The Honan Chapel & Collection - Essays and Discussion

This collection of essays about the honan serve to provide a forum for discussion, and facilitate in the gathering of knowledge about the chapel and collection.

Short Essays

Introduction: The Art of the Honan Chapel

James Cronin, History of Art & Centre for Adult Continuing Education, University College Cork, Ireland

The Honan Chapel, dedicated to St. Finbarr of Cork in 1916, is a unique case-study illustrating the role played by the Dublin schools in helping to renew Cork craftsmanship in the first decades of the twentieth-century. The chapel and its liturgical collection are products of the Irish Arts & Crafts Movement. This accounts for the overall unity of style. The designers were searching for a new sense of Irish national identity on the threshold of political independence from Britain. This was expressed by looking back to the traditions of Celtic art and Hiberno-Romanesque architecture and blending them with contemporary tastes for Art Nouveau.

The building of the Honan Chapel and its original liturgical furnishings has been comprehensively examined by Virginia Teehan & Elizabeth Wincott Heckett in their seminal work The Honan Chapel: A Golden Vision (Cork, University Press, 2004). The story of the Honan Chapel did not end on completion of the project in 1916. Items added to the collection since 1983 are an important part of the chapel’s evolution and have been included. These new furnishings reflect revision of the liturgy since the Second Vatican Council (1962-65). This website aims to introduce you to the chapel and its furnishings through new online essays and an image collection.

The Honan Chapel occupies a special place in the spiritual life of the university community since its consecration on 5th November 1916. Although the chapel is dedicated to Cork’s patron St. Finbarr its name commemorates the chapel’s benefactors, wealthy Cork merchants, the Honan family. When the last member, Isabella Honan, died in 1913 the executor of her will, Sir John O’Connell, allocated £40,000 of the Honan estate to Queen’s College now University College, Cork. Under the foundation charter of Queen’s College Cork (1845) the college is non-denominational. As it had no place of worship, some of the money from the Honan estate was used to build a chapel to serve Roman Catholic students.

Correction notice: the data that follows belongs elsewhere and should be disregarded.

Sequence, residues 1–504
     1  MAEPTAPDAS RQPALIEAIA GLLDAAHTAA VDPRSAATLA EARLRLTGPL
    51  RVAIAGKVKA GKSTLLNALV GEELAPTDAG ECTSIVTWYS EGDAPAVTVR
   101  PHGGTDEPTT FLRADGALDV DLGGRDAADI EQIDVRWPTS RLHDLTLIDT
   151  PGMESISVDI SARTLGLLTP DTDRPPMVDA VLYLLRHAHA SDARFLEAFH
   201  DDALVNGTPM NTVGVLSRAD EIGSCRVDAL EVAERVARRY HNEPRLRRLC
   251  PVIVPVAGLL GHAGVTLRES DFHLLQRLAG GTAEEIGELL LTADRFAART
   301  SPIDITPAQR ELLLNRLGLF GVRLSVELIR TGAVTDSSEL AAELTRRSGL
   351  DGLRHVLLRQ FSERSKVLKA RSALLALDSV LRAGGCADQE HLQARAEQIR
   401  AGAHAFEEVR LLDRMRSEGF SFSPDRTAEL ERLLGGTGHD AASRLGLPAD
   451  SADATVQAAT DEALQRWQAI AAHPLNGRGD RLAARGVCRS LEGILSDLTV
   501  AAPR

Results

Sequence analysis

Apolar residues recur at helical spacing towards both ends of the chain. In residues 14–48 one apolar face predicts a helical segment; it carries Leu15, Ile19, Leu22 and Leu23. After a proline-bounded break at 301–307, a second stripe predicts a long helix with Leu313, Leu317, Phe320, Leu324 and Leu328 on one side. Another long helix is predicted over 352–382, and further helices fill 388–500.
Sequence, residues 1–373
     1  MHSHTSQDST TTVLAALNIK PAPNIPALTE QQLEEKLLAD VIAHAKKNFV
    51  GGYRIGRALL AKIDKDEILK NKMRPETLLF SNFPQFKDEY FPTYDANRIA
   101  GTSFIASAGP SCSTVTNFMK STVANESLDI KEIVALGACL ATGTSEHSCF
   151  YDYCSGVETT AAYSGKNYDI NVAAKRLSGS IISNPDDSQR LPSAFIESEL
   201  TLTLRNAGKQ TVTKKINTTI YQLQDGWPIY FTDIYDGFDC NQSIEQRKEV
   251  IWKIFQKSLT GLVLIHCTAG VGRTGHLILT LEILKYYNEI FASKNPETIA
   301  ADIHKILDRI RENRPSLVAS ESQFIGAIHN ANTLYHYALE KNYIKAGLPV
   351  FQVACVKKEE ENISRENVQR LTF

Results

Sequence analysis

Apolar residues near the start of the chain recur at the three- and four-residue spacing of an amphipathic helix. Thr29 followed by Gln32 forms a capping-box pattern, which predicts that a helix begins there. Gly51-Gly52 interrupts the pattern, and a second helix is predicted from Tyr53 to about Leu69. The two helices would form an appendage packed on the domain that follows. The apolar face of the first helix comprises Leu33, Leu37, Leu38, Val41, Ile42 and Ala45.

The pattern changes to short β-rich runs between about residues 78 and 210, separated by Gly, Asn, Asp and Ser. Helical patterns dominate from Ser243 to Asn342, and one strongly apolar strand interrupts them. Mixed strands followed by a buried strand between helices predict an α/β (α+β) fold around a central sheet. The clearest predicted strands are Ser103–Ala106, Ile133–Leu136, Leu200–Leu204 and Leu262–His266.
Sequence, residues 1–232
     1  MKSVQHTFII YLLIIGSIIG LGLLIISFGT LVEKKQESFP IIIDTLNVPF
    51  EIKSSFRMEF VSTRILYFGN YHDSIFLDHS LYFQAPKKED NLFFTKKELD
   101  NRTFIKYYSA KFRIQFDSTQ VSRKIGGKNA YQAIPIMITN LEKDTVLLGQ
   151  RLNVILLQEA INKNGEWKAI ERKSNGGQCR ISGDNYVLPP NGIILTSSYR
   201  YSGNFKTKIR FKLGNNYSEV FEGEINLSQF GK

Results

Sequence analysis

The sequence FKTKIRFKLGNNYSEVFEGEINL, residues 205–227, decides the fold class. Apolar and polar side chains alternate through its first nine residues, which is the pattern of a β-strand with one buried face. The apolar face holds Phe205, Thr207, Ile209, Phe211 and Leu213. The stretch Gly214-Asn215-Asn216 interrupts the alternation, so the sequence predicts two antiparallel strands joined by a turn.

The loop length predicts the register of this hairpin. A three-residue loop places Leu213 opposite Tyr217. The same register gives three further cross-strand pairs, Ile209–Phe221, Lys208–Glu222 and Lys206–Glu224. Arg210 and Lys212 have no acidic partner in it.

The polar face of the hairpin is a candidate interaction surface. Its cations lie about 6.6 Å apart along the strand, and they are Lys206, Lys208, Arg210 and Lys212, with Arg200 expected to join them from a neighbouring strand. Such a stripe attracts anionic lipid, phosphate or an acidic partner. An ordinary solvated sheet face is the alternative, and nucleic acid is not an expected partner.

Inspired by the aspirations of the Arts & Crafts Movement, Sir John O’Connell and the President of Queen’s College Cork, Sir Bertram Windle, insisted that the design of the chapel should represent the best of Irish artistic traditions. Twelfth century Hiberno-Romanesque architecture inspired the fabric of the chapel. Inspiration for the furnishings was found in the Insular manuscript tradition of the Book of Kells and the Irish metal working tradition of the Cross of Cong. Cork craftsmen were employed in order to provide work for the local community and also to encourage local talent. A local architectural firm, McMullen & Associates, designed the chapel. John Sisk & Son of Cork built it. Henry Emery of Dublin was assisted by apprentices from the Cork Technical School in the carving of the stone capitals of Munster Saints framing the entrance. Cork Silversmiths William Egan & Sons were responsible for many items of altar plate. John Lees of Cork and local seamstresses working for William Egan & Sons designed the original vestments. The Yeats sisters and Evelyn Gleeson of the Dún Emer Guild, Dublin, worked on the original dossals, hanging behind the altar, and the antependia, hanging before the altar.

Sir John O’Connell’s aspiration to foster fresh Irish talent was expressed in selecting a twenty-five year old stained-glass artist, Harry Clarke, to design eleven of the Honan Chapel’s nineteen windows. This was his first stained-glass commission. His style, inspired by Aubrey Beardsley, is characterised by rich blue hues and linear figures. The leading cooperative workshop in Ireland for stained glass, mosaics and other related crafts was the Sarah Purser studio, An Túr Gloine (The Tower of Glass), based in Dublin. Alfred Child, Catherine O’Brien and Ethel Rhind, the leading designers of her studio, made the remaining eight windows. Child, who managed the Purser studio, also taught Harry Clarke in the Dublin Metropolitan School of Art.

The Honan Chapel is not only a testimony to premier craftsmanship it also serves a living faith community and so it continues to evolve artistically. Sacrosanctum Concilium (Constitution on the Sacred Liturgy) of the Second Vatican Council (1962-65) calls for preservation of the Church’s artistic heritage while promoting contemporary sacred art to meet the needs of the post Vatican II liturgy. In accordance with this the Honan Chapel has been renewed since 1983.

A new generation of Irish, British and international artists have added significant pieces to this sacred space. Imogen Stuart; Ken Thompson; Eric Pearse; Evelyn Ross; Rev. Fr. Kim En Joong, O.P. and Mary Barry have designed furnishings, vestments, and hangings to serve the new liturgy. Kenneth Jones and Associates, responsible for building the largest organ in London - in St Peter’s in Eaton Square- and for the organs in the National Concert Hall and Christ Church Cathedral in Dublin, built the pipe organ. In both 1987 and 1992 architect Richard Hurley & Associates was honoured for his conservation work on the Honan Chapel.


Posted 2006-8-25

Does anyone have any comments to add for discussion?

James Cronin, 2006-11-2